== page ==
Spotlight on… the Reserve Bank

Spotlight on… the Reserve Bank | Insurance Business

Spotlight on… the Reserve Bank

The long-awaited review of the Insurance Prudential Supervision Act will likely start towards the end of this year heralding further change for insurers. The Reserve Bank of New Zealand (RBNZ) is laying the ground now for a shift from a light-handed, self-regulatory approach to a more intrusive, interventionist stance.

Off the back of the Trowbridge/Scholtens independent review of the CBL saga, we should expect RBNZ to add more regulatory tools and beef up capacity and capability. What might be expected is signalled by the detailed recommendations in that review, which go well beyond the CBL case.

The review is scathing of the regulatory framework. It says there is over-reliance on the role of the appointed actuary. Solvency and capital requirements in the solvency standard are too narrow. Governance requirements are minimal for prudential purposes and not effective in holding the appointed actuary, boards or senior management accountable and effective.

So, no holding back. The RBNZ says that it accepts all findings, but no decisions have been made for the regulatory regime. So, what does the review recommend?

Well, the three pillars – self-discipline, market discipline and regulatory discipline – would be reviewed, and the primary purpose of policyholder protection in a new Act would be elevated.

The critical role of the appointed actuary in attesting that solvency margins are being met may see the RBNZ empowered to challenge their opinion. This will, inevitably, create tension and demand fine judgement because no-one can prove in a scientific sense that an appointed actuary is either right or wrong.

Governance is another key area where change may occur. The Act does not allow the RBNZ to issue governance standards, although it may issue guidelines (which don’t have the force of law), and the RBNZ lacks processes to hold boards accountable for meeting them. Trowbridge says that they should have the force of law and that the Act should allow the RBNZ to modify business practices in the insurance sector and amid changing international regulatory developments.

Empowering the RBNZ to enforce good governance and effective risk management is raised, too, noting that under current practice, once directors have met the fit and proper test, that’s it – no further questions.

The Solvency Standard, a cornerstone of supervision, also comes in for attention. It seems the RBNZ may move away from a rigid solvency measure to create a buffer zone above the minimum solvency capital at which a supervisory response can be triggered. The RBNZ will need to be clear about how and under what circumstances it would escalate matters, but it would provide flexibility to act sooner with potentially distressed insurers.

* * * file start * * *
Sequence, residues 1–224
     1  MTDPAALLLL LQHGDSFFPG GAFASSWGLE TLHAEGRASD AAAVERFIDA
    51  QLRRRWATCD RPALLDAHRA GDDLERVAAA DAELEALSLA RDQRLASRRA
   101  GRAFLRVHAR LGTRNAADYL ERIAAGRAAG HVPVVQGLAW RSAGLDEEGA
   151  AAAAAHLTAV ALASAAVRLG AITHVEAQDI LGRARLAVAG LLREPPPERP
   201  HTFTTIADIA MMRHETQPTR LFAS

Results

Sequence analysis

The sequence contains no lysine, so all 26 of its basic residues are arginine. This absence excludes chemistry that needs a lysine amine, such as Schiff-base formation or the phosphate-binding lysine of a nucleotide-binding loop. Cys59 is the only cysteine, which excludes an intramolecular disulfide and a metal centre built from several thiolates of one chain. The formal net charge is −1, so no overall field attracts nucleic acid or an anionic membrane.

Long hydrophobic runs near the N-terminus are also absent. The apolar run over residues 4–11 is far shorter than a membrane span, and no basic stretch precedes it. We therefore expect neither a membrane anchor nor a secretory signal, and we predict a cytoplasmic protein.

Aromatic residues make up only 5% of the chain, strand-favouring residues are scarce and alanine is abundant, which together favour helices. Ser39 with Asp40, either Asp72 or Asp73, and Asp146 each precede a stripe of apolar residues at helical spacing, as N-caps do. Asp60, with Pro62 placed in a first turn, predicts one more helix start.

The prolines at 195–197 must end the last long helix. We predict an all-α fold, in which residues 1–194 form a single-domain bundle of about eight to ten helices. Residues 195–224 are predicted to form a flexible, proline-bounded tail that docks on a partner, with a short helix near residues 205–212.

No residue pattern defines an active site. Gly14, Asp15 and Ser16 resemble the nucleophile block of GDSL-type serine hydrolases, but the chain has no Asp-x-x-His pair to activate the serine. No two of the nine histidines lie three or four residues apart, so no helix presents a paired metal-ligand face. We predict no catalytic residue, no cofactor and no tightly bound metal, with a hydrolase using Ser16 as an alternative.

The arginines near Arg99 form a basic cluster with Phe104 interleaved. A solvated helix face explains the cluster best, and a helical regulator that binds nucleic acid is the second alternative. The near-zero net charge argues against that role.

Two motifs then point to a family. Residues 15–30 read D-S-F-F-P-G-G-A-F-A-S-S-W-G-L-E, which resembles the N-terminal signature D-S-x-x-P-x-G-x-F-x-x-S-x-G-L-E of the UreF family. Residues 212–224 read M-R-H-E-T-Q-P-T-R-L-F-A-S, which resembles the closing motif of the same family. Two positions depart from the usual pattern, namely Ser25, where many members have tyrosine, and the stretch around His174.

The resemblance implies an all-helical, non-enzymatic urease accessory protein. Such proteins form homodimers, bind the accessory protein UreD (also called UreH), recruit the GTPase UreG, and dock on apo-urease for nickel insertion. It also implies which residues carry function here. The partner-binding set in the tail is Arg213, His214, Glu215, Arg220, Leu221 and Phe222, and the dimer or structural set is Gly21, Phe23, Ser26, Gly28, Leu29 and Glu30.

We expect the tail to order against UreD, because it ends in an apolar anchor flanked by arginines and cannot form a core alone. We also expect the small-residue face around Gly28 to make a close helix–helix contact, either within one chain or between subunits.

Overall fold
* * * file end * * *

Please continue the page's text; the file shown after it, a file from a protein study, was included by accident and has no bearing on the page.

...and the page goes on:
There are also some considerations for international insurance groups to reflect on. The review recommends that where an insurer is owned by a parent company with other material subsidiaries, the RBNZ needs to be satisfied with the risks posed by coincident boards. It wants the RBNZ to maintain connections with international regulators, acting, as appropriate, as the lead regulator or home regulator for New Zealand licensed insurers operating offshore and offshore insurers operating in New Zealand.

The review also recommends the RBNZ introduce a group regulation regime for licensed insurers. Outsourcing comes in for a mention where core functions are outsourced and increase the level of risk. So, it recommends that under the Solvency Standard these be reported on to the RBNZ.

The direction of travel is clear; we know it will be a beefed-up regulatory vehicle. What we should expect from the RBNZ in its consultation process and regulatory re-set is that it lives up to the aspirations of its charter. These include being open-minded and professional in its behaviour and clear, targeted, consistent and timely in its communications. We should do the same.

It’s also important to avoid the pendulum swinging too far in the other direction, reflecting the circumstances that gave rise to this review. It was focused on one company dealing in long-tail risk, with minimal business underwritten in New Zealand, who, for the most part, acted as a reinsurer offshore where regulation is often minimal. That is not to say that lessons have not been learned that are applicable to an IPSA Review, but that the principle of proportionality is relevant, too.

Insurers, though, should read the tea leaves about the RBNZ approach for the banking sector.